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Staggered state:
George Murray's A Set of Deadly Negotiations

George Murray, A Set of Deadly Negotiations
Victoria (BC): Frog Hollow Press, 2005.

The last book of poems that frightened me was George Murray’s The Hunter (2003). I’m not accustomed to thinking of poetry as a frightening genre. Unlike life and many fictions, poems end neatly; they insist on order; they elude the march of time. Not Murray’s. His Hunter tracks Yeats’s rough beast–or is tracked by it; or is that beast–through fire and desert towards no certain Bethlehem. The poems’ lines go two by two or three by three–but to call these stanzas couplets or triplets belies their staggered state. And because the poems eschew regular rhyme and metre, like fire they resist one’s efforts at remembrance. The poems are burnt out from around their titular bones: what sticks in one’s mind is the index, an alphabetical sequence that reads like a skeletal poem (Albatross, Anchor, Arrow, Bear, Bed, Bomb, Book …)

A Set of Deadly Negotiations, Murray’s new collection, is letterpress printed, with midnight-coloured cover stock: an eerily beautiful production, and made to last. The spider on the cover–whose lifeline suspends Murray’s name as well–recalls these lines from The Hunter: “The spider at the centre of its web catches embers / floating up from the fire, sucks the life from them, / / retreats to its schematic heart.” One might see a figure for the poet, here: poised at the centre of his poem, his subjects the victims of his form. It is not a flattering portrait, but it is what one might expect from a collection which rejects traditional poetic structures, their centripetal forces, their schematic hearts. In A Set of Deadly Negotiations, Murray’s perspective is much closer to the centre of the web. His chosen form is ordered, finite, in-drawing: arachnidan. These poems are “thought-rhymed” sonnets (thought rhyme is Murray’s term for the matching of words that resonate not so much to the ear as to the brain: synonyms, antonyms, semantic pairings; the collection’s first poem, for instance, “rhymes” landscape with portrait, pillars with leaders, isthmus with neck). Their metre is more mathematical than aural, more syllabic than accentual. Each poem makes its way through four quatrains to a final couplet–fourteen lines in all–and fourteen poems, or “negotiations,” make up the “set.” I have dwelt on the poemscape of _The Hunter_ because it seems to me that the earlier collection establishes the theatre (of war as much as drama) in which these deadly negotiations must take place. The parties at the table are prefigured there: fire and water, past and future, order and chaos, life and death. (The members of these oppositional pairs are fickle in the alliances they form with one another: order may be allied with life at one moment, with death at the next.) _A Set of Deadly Negotiations_ begins: “The future floats foetal through a landscape / of broken teacups and toppled salt pillars.” The wasteland of _The Hunter_ has been flooded, here, though it is not yet clear what (possibly deadly) crops will grow. Another opposition that animates these negotiations is that between language and silence. _The Hunter_ led us to the threshold of the latter. In this new collection, we hear a voice negotiating its way back towards speech: “Silence is a dead language,” the speaker tells us early in the sequence; “Listen: the silence ends. Raucous applause.” My own reaction to the collection is figured here. Applause. One part praise, one part relief.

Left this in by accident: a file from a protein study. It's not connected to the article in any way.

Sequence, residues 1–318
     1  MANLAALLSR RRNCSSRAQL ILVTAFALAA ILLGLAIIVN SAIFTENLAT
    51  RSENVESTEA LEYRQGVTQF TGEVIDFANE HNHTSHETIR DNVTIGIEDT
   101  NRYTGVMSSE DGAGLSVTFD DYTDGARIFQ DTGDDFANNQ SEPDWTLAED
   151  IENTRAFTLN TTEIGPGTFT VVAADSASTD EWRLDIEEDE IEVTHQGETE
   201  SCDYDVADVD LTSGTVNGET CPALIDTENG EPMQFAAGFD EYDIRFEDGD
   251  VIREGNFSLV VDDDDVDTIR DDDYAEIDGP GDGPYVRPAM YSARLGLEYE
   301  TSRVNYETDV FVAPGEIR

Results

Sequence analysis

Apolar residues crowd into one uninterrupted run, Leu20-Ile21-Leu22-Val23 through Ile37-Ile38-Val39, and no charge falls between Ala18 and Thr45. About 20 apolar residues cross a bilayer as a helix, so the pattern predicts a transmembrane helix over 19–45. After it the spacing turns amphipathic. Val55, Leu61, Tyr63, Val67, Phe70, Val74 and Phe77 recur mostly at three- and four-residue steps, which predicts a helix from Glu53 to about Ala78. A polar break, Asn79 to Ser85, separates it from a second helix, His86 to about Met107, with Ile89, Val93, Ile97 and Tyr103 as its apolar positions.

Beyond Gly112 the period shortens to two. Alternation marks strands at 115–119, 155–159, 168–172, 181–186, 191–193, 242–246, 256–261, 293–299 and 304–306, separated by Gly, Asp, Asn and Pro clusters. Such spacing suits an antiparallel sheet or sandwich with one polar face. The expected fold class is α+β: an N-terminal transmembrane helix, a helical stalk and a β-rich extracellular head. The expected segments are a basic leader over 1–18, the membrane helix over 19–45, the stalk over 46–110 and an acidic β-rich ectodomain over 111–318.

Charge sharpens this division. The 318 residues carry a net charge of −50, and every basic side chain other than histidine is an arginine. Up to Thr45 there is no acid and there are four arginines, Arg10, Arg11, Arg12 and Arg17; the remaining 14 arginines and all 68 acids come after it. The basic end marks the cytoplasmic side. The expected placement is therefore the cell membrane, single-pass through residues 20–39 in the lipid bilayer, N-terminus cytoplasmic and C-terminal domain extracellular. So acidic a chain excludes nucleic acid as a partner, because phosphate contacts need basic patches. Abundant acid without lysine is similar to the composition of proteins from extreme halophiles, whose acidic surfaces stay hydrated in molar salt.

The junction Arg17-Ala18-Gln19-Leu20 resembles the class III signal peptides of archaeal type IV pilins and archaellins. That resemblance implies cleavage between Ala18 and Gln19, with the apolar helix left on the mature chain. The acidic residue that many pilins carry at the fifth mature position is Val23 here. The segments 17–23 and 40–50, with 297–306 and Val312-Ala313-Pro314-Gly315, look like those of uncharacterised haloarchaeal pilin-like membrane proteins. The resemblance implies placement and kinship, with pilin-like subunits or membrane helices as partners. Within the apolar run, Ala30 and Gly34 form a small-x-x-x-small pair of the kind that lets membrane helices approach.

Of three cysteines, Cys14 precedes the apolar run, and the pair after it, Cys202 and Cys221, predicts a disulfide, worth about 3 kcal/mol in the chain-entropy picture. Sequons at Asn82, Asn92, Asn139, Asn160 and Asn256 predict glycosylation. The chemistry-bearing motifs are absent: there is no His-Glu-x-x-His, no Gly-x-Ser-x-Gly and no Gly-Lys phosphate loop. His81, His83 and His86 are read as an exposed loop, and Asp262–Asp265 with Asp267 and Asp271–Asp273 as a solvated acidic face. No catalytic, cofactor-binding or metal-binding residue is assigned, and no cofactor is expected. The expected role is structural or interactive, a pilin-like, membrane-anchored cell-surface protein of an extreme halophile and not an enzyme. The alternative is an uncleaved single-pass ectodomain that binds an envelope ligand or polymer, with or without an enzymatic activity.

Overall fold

Arc 56, Summer 2006